JS: Neither, really. The form is an organic expression of the breath and silence in the poem. Michelangelo talked about how every block of stone has a statue inside of it, and that it is the sculptor’s job to find that statue. Similarly every poem for me has its own form that gets expressed as the poem materializes. I may refine the form as I edit, but the form is inherent to that poem.

DF: I may be stepping on your random fact with this, but you’re a two-time National Haiku Champion and you were voted “Boston’s Best Poet” in the Boston Phoenix in 2010. What kind of street cred does that give you among poets and what were those experiences like?

JS: I might start by asking: what kind of street cred even exists among poets to have? Which maybe gives you a little bit of an idea how much cred those titles give me… I’m actually a little embarrassed by them because I think they’re false superlatives, but of course they make for good publicity angles so my publisher likes to include them in press releases. The Haiku competitions are really just for fun—I think they’re more about one’s ability to improvise and perform under pressure than they are about the craft itself. After I won the second competition I invented the Haiku Death Match, which I thought was more interesting. Instead of judges each round one poet has to concede to the other, and then take a shot of sake. In this way the competition is more about humility, and the loser is the winner by virtue. As for the Boston Phoenix title, I actually won through a grassroots write-in campaign. Each year, it was always the same old candidate group—comprised of tenured university faculty, poet laureates, etc. The year I won, the official nominees were: Sam Cornish, Robert Pinsky, Louise Gluck, Rosanna Warren, Margo Lockwood, and Frank Bidart. I think people just wanted to see younger options and fresh names on the ballot, so my win was really an act of protest. But it worked! After that, each year the Phoenix started digging a little deeper into the pool of local talent to find the names.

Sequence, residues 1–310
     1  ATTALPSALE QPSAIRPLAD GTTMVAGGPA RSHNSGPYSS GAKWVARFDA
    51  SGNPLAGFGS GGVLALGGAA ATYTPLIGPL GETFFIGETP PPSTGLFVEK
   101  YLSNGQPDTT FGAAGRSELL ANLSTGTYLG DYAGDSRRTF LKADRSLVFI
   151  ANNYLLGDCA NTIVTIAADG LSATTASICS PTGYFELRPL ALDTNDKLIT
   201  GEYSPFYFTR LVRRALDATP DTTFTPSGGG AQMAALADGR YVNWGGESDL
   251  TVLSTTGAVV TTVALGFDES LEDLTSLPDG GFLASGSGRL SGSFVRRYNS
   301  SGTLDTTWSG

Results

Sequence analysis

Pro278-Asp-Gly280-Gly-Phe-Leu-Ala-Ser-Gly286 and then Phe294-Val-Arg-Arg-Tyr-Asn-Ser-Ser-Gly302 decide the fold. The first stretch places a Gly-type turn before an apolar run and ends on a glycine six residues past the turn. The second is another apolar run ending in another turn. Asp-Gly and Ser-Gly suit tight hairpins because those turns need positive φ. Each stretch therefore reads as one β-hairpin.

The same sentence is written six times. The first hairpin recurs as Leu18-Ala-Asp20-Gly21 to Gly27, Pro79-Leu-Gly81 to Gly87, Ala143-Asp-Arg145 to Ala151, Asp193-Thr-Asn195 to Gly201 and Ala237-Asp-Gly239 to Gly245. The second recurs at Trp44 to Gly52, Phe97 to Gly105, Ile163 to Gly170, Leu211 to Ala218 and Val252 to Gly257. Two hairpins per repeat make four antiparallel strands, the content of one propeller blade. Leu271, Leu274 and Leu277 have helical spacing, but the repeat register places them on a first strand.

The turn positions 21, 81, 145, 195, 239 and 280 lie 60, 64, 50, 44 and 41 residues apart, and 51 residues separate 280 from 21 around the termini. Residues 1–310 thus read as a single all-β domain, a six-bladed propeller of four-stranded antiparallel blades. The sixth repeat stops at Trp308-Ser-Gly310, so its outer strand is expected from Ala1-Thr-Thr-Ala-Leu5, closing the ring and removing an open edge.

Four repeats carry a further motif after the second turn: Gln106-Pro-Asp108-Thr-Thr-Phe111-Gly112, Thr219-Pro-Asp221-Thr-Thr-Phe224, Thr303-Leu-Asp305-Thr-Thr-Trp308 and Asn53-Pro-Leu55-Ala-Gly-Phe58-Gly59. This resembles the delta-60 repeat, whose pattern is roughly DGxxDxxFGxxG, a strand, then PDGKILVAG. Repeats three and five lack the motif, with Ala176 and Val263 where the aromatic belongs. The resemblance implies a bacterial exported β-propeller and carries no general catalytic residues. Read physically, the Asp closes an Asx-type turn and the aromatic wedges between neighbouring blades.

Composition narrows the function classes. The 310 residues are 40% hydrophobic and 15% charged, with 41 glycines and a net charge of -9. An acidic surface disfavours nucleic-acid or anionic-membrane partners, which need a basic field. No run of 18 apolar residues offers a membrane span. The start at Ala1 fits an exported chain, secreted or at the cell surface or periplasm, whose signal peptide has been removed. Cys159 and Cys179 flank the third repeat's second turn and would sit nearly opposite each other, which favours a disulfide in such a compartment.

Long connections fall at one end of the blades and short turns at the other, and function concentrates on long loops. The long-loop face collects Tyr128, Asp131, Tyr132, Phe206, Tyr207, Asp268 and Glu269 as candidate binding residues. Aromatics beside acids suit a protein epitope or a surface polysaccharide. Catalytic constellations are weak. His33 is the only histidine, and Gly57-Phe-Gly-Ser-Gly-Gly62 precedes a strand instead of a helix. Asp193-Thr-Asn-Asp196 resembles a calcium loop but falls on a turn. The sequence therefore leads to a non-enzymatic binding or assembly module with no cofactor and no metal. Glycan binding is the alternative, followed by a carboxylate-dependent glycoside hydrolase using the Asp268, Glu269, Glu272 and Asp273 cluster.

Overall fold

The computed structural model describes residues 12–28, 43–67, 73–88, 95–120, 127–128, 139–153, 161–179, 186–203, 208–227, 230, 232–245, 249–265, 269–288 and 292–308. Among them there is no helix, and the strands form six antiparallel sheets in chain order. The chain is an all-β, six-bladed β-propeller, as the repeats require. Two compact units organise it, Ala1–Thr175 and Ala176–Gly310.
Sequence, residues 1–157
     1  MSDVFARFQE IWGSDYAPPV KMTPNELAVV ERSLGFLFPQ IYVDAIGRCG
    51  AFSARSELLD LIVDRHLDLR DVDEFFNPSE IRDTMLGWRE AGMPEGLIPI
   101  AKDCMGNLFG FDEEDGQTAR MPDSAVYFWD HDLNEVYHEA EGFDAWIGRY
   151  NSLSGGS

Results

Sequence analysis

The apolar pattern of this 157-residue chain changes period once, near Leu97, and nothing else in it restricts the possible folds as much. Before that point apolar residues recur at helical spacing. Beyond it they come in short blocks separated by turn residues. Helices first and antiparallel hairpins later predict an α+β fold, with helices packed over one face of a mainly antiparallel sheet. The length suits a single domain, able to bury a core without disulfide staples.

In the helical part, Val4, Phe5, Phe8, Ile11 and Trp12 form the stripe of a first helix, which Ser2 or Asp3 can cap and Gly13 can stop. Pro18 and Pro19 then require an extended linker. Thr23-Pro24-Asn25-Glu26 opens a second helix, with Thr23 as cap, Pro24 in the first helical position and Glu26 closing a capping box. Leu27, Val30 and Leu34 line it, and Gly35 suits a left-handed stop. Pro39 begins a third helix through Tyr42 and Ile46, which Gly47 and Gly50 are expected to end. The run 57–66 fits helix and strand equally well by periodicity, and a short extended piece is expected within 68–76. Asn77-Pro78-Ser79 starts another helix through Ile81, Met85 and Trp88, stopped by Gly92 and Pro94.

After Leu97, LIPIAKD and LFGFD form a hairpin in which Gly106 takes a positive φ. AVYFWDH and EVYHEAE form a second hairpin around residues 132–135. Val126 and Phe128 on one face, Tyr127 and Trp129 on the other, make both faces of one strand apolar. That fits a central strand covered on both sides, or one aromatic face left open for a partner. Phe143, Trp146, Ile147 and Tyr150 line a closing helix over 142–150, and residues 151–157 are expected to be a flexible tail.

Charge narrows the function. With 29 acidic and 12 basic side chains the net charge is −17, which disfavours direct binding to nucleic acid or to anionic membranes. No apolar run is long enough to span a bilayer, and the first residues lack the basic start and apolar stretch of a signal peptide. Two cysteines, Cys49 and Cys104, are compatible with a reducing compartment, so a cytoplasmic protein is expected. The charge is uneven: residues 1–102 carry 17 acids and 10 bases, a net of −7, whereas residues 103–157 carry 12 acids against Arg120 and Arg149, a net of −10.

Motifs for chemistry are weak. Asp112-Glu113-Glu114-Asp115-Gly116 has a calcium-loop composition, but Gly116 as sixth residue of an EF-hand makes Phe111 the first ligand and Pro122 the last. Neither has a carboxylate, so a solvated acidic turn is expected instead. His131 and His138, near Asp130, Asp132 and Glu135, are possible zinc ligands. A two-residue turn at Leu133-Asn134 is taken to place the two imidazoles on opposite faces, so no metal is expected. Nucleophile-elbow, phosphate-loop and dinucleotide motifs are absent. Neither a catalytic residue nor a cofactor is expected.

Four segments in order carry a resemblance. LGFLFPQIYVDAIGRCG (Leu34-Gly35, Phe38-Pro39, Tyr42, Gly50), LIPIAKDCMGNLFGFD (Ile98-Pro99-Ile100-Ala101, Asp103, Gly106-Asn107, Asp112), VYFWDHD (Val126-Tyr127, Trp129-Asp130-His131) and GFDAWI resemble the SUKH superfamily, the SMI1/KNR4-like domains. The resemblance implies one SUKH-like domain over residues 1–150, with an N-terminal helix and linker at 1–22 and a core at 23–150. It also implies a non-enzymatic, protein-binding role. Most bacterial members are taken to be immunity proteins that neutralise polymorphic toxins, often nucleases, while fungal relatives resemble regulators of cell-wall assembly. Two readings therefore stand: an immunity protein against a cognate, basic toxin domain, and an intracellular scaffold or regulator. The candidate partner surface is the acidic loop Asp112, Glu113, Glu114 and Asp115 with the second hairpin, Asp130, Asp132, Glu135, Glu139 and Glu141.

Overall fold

DF: Can you tell me a little background on your literary magazine Handsome and explain what you look for in contributor’s work?

JS: A lot of indie presses start as magazines and then graduate to books; I started Black Ocean and then decided to publish a journal a couple of years later. I’ve come to learn they’re really entirely different endeavors, with their own set of challenges and processes. To run Handsome, I enlisted two incredibly talented poets and writers: Allison Titus and Paige Ackerson-Kiely. It’s really their aesthetic that drives the selection, which is different from the books that Black Ocean publishes. The best way to understand it is to either read their work, or read Handsome. In that sense, we look for contributors who are interested in what we’re doing.

DF: What advice would you give to aspiring poets?

JS: Read. Read books in translation; read contemporary and classical work; read works from different genders and different races; read work from writers much younger than you and writers much older than you; read fiction and non-fiction not just poetry; read comic books; read photography books; read in between the lines and the white spaces in the margins; read with your breath as well as your eyes; read until you fall asleep then read what’s on the inside of your eyelids; read in your dreams; read until you wake up.

DF: Can you name one random fact about you?

JS: When I was a young child I had an invisible friend named Buggy. Whenever I would get caught having done something I shouldn’t have I would say, “Buggy did it.” As I got older Buggy stopped appearing for me, and so I stopped blaming things on him. I stopped drawing Buggy, and the intricacies of Buggy’s personal life faded from my consciousness. But Buggy was very real to me at one point; I don’t think it’s fair to call one’s friends at that age “imaginary.” He was part of the story I told myself to understand the world around me. The random fact here isn’t that I was friends with a scapegoat no one else could see, named Buggy; the random fact is that I’ve come to realize Buggy actually exists.

To learn more about Janaka Stucky, visit his official website, like his Facebook page, or follow him on Twitter @janaka_stucky